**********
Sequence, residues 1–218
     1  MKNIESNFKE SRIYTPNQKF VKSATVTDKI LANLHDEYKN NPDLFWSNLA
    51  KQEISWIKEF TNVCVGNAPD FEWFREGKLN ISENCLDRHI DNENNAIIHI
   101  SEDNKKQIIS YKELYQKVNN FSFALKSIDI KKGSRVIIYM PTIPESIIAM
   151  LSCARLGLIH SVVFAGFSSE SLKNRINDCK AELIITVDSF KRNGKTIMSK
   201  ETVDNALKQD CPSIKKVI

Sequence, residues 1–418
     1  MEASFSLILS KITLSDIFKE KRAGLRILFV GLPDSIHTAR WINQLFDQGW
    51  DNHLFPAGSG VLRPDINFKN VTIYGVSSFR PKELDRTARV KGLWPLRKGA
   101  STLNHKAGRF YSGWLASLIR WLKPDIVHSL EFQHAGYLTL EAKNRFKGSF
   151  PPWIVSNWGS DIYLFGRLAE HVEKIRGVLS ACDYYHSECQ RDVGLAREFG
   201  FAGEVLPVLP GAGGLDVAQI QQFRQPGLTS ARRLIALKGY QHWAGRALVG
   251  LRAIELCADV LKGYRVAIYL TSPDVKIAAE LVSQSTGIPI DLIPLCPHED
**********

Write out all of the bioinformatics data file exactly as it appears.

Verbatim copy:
Sequence, residues 1–218
     1  MKNIESNFKE SRIYTPNQKF VKSATVTDKI LANLHDEYKN NPDLFWSNLA
    51  KQEISWIKEF TNVCVGNAPD FEWFREGKLN ISENCLDRHI DNENNAIIHI
   101  SEDNKKQIIS YKELYQKVNN FSFALKSIDI KKGSRVIIYM PTIPESIIAM
   151  LSCARLGLIH SVVFAGFSSE SLKNRINDCK AELIITVDSF KRNGKTIMSK
   201  ETVDNALKQD CPSIKKVI

Sequence, residues 1–418
     1  MEASFSLILS KITLSDIFKE KRAGLRILFV GLPDSIHTAR WINQLFDQGW
    51  DNHLFPAGSG VLRPDINFKN VTIYGVSSFR PKELDRTARV KGLWPLRKGA
   101  STLNHKAGRF YSGWLASLIR WLKPDIVHSL EFQHAGYLTL EAKNRFKGSF
   151  PPWIVSNWGS DIYLFGRLAE HVEKIRGVLS ACDYYHSECQ RDVGLAREFG
   201  FAGEVLPVLP GAGGLDVAQI QQFRQPGLTS ARRLIALKGY QHWAGRALVG
   251  LRAIELCADV LKGYRVAIYL TSPDVKIAAE LVSQSTGIPI DLIPLCPHED